19 June 2020: Haig Park in Canberra’s inner north will be a whole lot more vibrant this year, as the park looks to welcome Canberrans out of hibernation following the easing of COVID-19 lockdowns.
The Faculty of Arts and Design at the University of Canberra has re-signed a deal with the City Renewal Authority to support the re-activation of Haig Park through a series of experiments and temporary installations, following great success with the project in 2019.
Assistant Professor in Communication Dr Cathy Hope is the project lead and says she looks forward to recreating the success of last year’s activations, continuing to make Haig Park a great community hub as the city's 'backyard'.
“As we begin to move back out into society following the months of being at home, we want to work with the community to ease back into the public realm,” Dr Hope said.
“Even though we’re working with a whole lot of social distancing parameters this year, I think we can incorporate some of the more successful activities from last year and amend them so that they follow social distancing guidelines.”
In 2019, the City Renewal Authority commissioned a University-led consortium to deliver six months of temporary activations based on community aspirations for Haig Park.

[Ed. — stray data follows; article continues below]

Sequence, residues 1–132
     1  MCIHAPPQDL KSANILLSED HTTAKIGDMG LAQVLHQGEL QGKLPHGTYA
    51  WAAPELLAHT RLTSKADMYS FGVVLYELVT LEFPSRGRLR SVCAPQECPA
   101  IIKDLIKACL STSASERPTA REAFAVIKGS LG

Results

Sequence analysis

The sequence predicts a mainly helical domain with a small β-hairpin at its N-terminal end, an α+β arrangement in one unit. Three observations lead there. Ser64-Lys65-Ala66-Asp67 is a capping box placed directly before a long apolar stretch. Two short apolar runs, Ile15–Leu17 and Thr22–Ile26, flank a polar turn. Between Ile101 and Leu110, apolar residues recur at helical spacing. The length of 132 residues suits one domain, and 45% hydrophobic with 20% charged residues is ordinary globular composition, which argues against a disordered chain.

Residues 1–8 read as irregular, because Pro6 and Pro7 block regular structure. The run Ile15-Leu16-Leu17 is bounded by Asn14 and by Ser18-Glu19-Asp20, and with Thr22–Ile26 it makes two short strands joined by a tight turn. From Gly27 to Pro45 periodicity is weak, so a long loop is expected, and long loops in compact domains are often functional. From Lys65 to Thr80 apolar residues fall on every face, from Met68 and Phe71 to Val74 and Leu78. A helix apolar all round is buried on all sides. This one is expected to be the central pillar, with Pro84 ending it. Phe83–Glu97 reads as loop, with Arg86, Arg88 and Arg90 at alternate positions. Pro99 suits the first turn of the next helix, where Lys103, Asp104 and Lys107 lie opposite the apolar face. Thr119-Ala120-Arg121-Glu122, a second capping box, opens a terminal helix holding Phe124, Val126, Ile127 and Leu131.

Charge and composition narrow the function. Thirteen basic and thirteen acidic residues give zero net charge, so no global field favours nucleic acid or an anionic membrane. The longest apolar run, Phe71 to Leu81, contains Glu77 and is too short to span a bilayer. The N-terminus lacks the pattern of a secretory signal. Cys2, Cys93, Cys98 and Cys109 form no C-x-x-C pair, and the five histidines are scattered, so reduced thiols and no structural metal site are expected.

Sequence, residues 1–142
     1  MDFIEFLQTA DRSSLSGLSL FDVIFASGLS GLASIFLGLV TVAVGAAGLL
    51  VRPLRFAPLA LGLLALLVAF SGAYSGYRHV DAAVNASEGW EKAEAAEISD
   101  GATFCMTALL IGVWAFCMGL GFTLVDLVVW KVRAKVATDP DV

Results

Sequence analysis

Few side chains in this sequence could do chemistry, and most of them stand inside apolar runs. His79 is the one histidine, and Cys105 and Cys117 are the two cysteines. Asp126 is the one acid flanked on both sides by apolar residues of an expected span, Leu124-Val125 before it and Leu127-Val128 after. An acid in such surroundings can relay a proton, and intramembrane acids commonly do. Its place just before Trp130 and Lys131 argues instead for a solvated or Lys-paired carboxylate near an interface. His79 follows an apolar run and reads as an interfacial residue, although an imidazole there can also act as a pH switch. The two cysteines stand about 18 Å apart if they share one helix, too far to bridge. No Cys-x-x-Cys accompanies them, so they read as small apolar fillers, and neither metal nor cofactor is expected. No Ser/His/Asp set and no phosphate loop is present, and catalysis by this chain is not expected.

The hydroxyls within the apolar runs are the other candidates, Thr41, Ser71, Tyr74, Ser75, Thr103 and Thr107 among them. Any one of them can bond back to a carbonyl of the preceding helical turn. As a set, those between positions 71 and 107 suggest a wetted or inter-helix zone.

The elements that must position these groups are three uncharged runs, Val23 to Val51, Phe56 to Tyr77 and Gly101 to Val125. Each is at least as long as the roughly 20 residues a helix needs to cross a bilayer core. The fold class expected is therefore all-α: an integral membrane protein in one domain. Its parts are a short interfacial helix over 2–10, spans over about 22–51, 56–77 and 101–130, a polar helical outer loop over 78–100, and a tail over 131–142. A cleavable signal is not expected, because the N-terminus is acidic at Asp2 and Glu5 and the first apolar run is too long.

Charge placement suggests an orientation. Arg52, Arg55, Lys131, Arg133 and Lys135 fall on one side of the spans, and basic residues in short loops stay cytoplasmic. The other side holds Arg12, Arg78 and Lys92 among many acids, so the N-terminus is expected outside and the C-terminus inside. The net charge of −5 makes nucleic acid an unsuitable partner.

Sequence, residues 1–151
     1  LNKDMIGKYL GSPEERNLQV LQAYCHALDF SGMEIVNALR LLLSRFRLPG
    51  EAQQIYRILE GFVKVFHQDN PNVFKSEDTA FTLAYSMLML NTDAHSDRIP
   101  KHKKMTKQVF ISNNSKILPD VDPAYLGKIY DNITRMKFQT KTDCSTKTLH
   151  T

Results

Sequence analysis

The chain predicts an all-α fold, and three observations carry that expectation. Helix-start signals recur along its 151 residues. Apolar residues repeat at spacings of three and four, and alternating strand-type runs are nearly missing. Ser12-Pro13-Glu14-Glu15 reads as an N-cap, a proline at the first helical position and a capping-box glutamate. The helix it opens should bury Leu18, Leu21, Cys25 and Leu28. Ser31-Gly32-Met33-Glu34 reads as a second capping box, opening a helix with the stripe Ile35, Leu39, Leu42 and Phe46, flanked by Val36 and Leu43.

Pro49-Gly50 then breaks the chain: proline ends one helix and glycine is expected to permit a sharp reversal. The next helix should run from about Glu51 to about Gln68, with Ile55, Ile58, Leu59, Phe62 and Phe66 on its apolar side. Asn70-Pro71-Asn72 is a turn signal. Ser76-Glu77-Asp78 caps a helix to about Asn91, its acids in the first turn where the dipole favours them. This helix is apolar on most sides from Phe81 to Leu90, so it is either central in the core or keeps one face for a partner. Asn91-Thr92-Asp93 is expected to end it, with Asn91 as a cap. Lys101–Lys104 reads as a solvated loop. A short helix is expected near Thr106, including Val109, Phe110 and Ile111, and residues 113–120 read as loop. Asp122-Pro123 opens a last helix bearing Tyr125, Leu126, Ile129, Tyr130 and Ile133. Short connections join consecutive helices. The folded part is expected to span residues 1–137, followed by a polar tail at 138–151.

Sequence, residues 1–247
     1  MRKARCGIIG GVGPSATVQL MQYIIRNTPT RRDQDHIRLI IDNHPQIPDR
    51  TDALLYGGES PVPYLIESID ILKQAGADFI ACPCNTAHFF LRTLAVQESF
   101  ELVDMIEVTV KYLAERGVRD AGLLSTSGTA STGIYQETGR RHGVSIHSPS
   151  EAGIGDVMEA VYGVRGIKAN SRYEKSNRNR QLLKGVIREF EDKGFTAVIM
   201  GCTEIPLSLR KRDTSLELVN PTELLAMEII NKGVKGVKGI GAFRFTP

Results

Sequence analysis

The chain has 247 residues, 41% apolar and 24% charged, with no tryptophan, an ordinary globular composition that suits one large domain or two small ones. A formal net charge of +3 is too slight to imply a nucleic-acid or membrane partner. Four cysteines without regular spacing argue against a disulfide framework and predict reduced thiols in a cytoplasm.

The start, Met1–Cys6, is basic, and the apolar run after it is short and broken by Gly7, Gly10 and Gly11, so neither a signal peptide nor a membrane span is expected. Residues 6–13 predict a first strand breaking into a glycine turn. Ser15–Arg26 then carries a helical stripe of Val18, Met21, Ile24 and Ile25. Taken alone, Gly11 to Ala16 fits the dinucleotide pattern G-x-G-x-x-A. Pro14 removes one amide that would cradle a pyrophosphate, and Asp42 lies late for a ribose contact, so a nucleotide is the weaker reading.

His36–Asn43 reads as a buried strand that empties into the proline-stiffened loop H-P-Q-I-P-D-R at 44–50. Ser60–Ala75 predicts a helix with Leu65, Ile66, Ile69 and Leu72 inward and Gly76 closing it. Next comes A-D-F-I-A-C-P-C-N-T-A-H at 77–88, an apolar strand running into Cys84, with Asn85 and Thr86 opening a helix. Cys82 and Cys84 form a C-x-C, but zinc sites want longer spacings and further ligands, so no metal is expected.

The project was successful in significantly increasing use of the park, diversifying park users, and improving community perceptions of Haig Park.
With that in mind, the team behind the activations – which includes researchers from the University, Ainslie and Gorman Arts Centre, and the Tait Network – began work on appropriate activities to achieve those outcomes.
“We want to maintain the momentum that we achieved to create a great community space, working with the limitations of social distancing restrictions,” Dr Hope said.
Consortium members Ainslie and Gorman Arts Centre and Dionysus Cultural Development have come together again to "design a program that assists community members to re-enter public spaces in a way that they're comfortable with".
“We are going to continue to build community in the social media space and by designing small to mid-scale safe activities with and for the community.”
To mark the beginning of the 2020 activations, Indigenous recognition signage was installed in the park as part of Reconciliation Week earlier this month.
The signage acknowledges the United Ngunnawal Elders Council Charter, and cultural interpretation of the park will allow users to understand the significance of connected sites.
Dr Hope says the inclusion of these features is an opportunity to highlight the Ngunnawal connections to country.
“The University’s Elder in Residence Aunty Ros is the Ngunnawal cultural guide for the experiments, and together we helped facilitate the United Ngunnawal Elders Council vision for the park.”
“We also worked with Wally Bell who did the cultural interpretation of the park – so there are four signs installed that will help people understand the significance of Sullivans Creek, Mt Ainslie, Black Mountain and of course Haig Park itself.”
The partnership with the City Renewal Authority will continue through 2020.